Saturday 31st August 2019 30th Av 5779
PARASHAT RE’EH by Herschel
Deuteronomy 11:26-16:17; Isaiah 54:11-55:5; Mark 9:40-50
The next three Torah portions - Re'eh, Shoftim, and Ki Taitzei - contain the bulk of the commandments found in Deuteronomy. Up to now, Moses mentioned such fundamental commandments as the necessity to love and fear HaShem. There are also general exhortations against idolatry. Moshe also gave inspirational sermons stressing the people's duty toward God and their obligation to live up to the holiness of the Land.
Moses begins this recitation by putting the commandments into perspective, saying that the choice of whether or not to accept the Torah in its totality is nothing less than the choice between blessing and curse, life and death:
26. See, I present before you today a blessing and a curse:
27. The blessing - that you hearken to the commandments of Hashem, your
God, that I command you today:
28. And the curse - if you do not hearken to the commandments of Hashem,
your God, and you stray from the path that I command you today,
to follow gods of others, that you did not know:
Doesn’t the language in verse 28 seem somewhat superfluous? If you disobey, surely the implication is that you have turned away from G-d’s covenant? Why then does Moses mention ‘if you do not hearken to the commandments of Hashem, your God, and you stray from the path’, as if they were two distinct actions?
The chazal (sages) teach that this double emphasis contains a moral lesson for us. What this is teaching us is something more than mere neglect or complacency.
Sometimes, we are sluggish, inattentive or careless with the result that we do not obey G-d’s instructions fully.
Last week’s parasha is called ‘Eikev’ which means ‘heel’. Jacob’s Hebrew name is Ya’akov’ which shares the root ‘eikev’. He was born clutching his brother’s heel.
Now, midrashically, the word eikev – heel - alludes to the sort of commandments that people may regard as relatively unimportant, so they tend figuratively to "tread on them with their heels." Thus, the Torah assures Israel that if they are careful to observe even these neglected or what we might call the less important commandments,they can be certain that God will reward them with His covenant and kindness (Rashi).
Yeshua emphasized this principle in Matthew 23:23, when he rebuked a certain sect of the Pharisees (not all Pharisees):
"Woe to you, Torah scholars and Pharisees, hypocrites! You tithe mint and dill and cumin, yet you have neglected the weightier matters of Torah—justice and mercy and faithfulness. It is necessary to do these things without neglecting the others.
Here, he refers to what could be called the lesser and the weightier matters of Torah and the Lord emphasized that we are instructed to do both with the same diligence and attention We cannot make a false dichotomy of what we consider to be greater or lesser important commandments when it comes to G-d’s Torah!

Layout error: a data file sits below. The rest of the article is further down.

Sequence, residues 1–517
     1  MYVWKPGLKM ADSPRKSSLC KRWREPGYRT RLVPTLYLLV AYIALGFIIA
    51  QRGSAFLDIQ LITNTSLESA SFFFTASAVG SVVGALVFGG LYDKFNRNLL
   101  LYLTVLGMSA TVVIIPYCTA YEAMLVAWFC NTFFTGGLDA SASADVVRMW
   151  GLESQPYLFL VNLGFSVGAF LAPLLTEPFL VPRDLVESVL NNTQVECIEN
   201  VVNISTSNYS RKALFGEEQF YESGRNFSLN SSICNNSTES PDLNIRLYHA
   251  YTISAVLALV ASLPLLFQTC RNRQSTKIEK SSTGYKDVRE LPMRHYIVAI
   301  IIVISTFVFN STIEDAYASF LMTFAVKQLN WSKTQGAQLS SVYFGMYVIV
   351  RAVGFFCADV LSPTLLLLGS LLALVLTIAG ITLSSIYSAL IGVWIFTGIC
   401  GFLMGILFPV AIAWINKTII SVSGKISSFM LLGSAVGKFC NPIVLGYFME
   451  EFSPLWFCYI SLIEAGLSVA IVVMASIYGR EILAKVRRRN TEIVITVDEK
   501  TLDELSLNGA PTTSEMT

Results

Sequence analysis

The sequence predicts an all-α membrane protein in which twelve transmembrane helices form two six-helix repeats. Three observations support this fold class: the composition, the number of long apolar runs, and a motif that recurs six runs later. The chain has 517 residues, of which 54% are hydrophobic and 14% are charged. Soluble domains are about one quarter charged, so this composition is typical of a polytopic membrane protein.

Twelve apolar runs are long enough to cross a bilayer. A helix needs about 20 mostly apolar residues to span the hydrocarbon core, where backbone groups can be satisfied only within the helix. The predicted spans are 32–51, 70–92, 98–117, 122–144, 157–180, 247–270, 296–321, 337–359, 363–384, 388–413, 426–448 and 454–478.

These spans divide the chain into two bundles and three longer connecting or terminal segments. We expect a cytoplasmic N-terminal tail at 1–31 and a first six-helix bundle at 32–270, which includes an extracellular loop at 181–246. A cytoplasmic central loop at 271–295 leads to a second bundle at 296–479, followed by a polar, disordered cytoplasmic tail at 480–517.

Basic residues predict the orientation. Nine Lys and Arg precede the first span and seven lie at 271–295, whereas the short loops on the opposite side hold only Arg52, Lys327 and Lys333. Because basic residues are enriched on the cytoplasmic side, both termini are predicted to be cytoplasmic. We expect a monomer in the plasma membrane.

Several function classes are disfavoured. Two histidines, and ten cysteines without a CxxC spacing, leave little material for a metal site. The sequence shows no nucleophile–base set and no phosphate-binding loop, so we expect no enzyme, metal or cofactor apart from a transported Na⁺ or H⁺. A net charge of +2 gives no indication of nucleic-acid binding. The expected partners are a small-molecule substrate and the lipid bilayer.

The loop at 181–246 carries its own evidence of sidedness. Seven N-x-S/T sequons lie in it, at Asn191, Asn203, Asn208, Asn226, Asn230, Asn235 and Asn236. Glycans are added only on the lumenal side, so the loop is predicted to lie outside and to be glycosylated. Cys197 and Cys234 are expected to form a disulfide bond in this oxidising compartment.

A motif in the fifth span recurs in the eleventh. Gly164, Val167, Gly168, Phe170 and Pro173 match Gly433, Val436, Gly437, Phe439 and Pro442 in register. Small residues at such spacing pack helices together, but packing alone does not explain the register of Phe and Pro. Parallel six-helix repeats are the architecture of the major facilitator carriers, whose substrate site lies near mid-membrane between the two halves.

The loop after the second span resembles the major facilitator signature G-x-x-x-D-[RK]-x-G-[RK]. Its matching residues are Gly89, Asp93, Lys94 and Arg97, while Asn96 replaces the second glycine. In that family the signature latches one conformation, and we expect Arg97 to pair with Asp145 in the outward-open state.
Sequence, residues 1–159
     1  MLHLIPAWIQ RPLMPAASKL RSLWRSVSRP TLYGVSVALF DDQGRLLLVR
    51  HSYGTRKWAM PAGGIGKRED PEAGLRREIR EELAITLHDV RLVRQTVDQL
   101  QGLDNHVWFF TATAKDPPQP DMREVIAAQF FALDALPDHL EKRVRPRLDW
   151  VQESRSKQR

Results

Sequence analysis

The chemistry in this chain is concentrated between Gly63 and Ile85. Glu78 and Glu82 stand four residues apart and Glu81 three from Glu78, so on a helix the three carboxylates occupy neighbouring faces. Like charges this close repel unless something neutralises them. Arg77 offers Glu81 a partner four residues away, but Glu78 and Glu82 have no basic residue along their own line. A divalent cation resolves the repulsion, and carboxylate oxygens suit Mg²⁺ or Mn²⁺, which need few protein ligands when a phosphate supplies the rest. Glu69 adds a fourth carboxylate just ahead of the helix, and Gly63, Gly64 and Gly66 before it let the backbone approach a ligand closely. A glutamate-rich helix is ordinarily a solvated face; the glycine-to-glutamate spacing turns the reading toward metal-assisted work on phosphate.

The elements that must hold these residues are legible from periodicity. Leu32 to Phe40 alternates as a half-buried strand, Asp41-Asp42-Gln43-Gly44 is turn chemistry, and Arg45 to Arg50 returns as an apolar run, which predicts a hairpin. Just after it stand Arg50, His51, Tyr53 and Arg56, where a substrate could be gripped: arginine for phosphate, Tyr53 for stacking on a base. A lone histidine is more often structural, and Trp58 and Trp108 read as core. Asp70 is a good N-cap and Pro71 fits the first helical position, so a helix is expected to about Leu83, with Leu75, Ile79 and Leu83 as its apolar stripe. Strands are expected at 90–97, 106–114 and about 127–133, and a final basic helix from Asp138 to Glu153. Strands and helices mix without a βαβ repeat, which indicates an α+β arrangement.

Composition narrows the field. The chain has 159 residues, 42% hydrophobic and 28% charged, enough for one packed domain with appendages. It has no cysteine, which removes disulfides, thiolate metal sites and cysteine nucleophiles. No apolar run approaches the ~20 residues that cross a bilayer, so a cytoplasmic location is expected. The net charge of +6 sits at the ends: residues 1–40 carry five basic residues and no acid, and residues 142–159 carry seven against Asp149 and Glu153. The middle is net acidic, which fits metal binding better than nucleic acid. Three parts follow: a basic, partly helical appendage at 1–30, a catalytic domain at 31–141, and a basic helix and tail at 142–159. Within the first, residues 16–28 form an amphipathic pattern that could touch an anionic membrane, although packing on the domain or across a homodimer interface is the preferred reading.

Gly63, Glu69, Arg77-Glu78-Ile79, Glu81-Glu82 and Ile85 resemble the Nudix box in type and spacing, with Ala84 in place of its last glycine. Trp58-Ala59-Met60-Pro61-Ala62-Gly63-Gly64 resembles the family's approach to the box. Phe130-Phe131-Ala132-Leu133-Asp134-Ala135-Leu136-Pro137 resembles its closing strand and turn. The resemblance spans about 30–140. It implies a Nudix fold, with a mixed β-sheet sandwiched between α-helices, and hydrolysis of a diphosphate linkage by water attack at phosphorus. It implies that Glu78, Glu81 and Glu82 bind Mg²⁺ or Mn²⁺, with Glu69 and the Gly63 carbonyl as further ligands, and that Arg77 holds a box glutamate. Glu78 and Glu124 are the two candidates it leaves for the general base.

When Israel stood before the Mountain of Revelation, they bound themselves to the entire body of G-d’s revelation:
Exodus 19: 6b-b9
These are the words which you are to speak to Bnei-Yisrael."
So Moses went, called for the elders of the people, and put before them all these words that Adonai had commanded him. All the people answered together and said,
"Everything that Adonai has spoken, we will do."
כֹּל אֲשֶׁר-דִּבֶּר יְהוָה נַעֲשֶׂה
Moses stressed that we cannot pick and choose when it involves G-d’s instructions. The blessings promised by God were contingent on Israel's acceptance of the entire Torah in its entirety.
In other words, in our own minds, although our ‘yes’ might not be ‘yes’, at least I don’t commit adultery or I don’t steal. I’m not that bad. That is often how we think and we neglect Paul’s caution in 1 Corinthians 10:13 – ‘let him who thinks he stands take heed, less he fall’. Or, to the community at Laodicea in Revelations 3:
I know your deeds, that you are neither cold nor hot. Oh, that you were either cold or hot! So because you are lukewarm, and neither cold nor hot, I am about to spew you out of My mouth. For you say, ‘I am rich, I have made myself wealthy, and I need nothing.' But you do not know that you are miserable and pitiable and poor and blind and naked. I advise you to buy from Me gold refined by fire so that you may be rich, and white clothes so that you may dress yourself and so the shame of your nakedness will not be revealed, and eye salve to anoint your eyes so that you may see. Those whom I love, I rebuke and discipline. Therefore, be zealous and repent. (TLV)
The double emphasis in Deut 11:28 of not listening to nor straying from the path, is a caution against such doublemindedness. The one thing we know with certainty is that HaShem abhors syncretism – mixture.
We also know with absolute certainty that we are called to whole hearted devotion, whole hearted service and whole hearted obedience to G-d’s Word.
Blessed are those whose way is blameless, who walk in the Torah of Adonai.
Happy are those who keep His testimonies, who seek Him with a whole heart,
who also do no injustice, but walk in His ways.
King David was guilty of many terrible sins including adultery and even murder. Yet, the Apostles record that ‘I have found David, the son of Jesse, a man after My heart, who will do My will' (Acts 3:22). The clue to this is that when David was confronted by Nathan in , his immediate response was “against God I have sinned” (2 Sam 12:13).
It appears that a willingness to repent before HaShem, is a key to a tender and obedient heart that will enable us to walk in His ways!